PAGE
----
Sun, Sand & Ramadan

Bahrain, the land known as ‘Two Seas’, is itself a fusion of sweet and salty authenticity. It is a land where minds are taught to survive the odd conditions…

Simultaneously, it is also a place where one’s dreams get to savour reality. Although it is a land with harsh climatic conditions, it is filled with warm greetings. In a land that against all odds, successfully flourishes, Bahrain is able to mesmerise anyone the moment he or she is exposed to its essence. Having experienced the reality of this fusion, the escape from it becomes secondary.

“If you can’t do great things, do small things in a great way.”

Known for its high temperature, Bahrain is a place where necessary precautions are needed. The need to follow these measures in order for people to escape the heat is increased with the month of Ramadan approaching. Ramadan is the 9th month of the Islamic Calendar and is observed by Muslims worldwide as a month of fasting, including increased offerings of prayer and recitation of Quran for spiritual rewards to be multiplied. It is a month of self-discipline where people refrain from consuming food and drinks from dawn until sunset as well as disengaging in any wrong behaviour trains us to focus our vision and to be steadfast.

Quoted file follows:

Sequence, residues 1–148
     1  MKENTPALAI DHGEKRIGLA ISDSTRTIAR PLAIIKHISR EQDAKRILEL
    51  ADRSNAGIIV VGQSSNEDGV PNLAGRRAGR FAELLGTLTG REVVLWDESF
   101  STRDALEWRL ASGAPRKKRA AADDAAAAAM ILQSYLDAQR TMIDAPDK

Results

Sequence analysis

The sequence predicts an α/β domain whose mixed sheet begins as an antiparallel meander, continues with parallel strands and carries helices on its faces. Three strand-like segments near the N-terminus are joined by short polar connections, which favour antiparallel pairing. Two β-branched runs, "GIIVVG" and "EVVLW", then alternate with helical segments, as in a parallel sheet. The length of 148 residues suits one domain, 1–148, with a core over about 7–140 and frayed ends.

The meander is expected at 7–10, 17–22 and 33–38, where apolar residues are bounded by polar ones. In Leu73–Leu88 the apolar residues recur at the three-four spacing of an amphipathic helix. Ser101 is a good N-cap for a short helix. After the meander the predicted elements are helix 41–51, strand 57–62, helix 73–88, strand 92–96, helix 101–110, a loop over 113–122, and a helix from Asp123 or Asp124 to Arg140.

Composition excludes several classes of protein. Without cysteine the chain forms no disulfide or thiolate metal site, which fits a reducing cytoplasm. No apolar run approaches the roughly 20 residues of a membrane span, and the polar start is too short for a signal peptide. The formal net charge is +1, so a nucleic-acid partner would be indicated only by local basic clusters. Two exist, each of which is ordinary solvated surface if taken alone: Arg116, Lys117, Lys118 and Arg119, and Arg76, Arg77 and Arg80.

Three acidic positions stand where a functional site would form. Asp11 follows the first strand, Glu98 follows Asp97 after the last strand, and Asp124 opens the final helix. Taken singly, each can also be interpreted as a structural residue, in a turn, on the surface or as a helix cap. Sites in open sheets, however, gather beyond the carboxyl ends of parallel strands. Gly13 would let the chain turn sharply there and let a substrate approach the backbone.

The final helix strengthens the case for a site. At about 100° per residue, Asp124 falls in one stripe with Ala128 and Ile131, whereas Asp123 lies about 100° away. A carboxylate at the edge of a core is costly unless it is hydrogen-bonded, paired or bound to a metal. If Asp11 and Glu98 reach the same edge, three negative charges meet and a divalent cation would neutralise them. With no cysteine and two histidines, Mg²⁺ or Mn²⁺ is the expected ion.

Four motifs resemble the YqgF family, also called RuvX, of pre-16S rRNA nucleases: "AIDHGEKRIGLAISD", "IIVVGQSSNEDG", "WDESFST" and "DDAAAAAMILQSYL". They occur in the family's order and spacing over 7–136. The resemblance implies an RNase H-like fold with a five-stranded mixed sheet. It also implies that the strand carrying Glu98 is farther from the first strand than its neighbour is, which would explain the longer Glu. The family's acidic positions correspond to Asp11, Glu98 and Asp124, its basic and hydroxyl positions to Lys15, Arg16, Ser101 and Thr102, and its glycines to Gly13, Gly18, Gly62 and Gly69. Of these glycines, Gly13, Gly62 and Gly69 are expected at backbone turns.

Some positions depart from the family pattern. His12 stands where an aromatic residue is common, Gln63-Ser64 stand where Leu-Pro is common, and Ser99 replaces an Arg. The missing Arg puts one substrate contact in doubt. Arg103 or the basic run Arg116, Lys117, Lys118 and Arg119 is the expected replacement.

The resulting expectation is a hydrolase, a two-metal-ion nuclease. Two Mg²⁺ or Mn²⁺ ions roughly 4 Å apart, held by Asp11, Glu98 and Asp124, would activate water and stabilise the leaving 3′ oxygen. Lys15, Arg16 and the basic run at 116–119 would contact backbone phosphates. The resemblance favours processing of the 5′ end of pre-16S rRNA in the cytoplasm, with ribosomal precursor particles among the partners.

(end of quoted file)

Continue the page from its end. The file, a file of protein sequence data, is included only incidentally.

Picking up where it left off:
I made an interesting discovery, that the word Ramadan comes from the Arabic root Ramia or Ar-rama, which means scorching heat or dryness. This sparked my curiosity to check on the benefits of heat. The first thing that comes to any mind when hearing the word heat is how to beat it, thus neglecting the fact that all experiences in life have a purpose behind it. As humans are responsible for their physical and mental well being, the responsibility also branches out to our surrounding environment that we all come in contact with. The purpose of life that gets pushed to the subconscious side due to our daily rush, gets revived with the coming of Ramadan. The toughest fight no doubt is with our own selves, which one can accomplish with a saying, “If you can’t do great things, do small things in a great way.”


Picture1Rifat Najam is a Bahraini blogger and a member of The Bahrain Writers’ Circle. She became interested in writing at a young age but had a long gap of more than a decade before she returned to it. She portrays her writing based on her experience and prefers to keep her style abstract for the readers to relate to their current happening.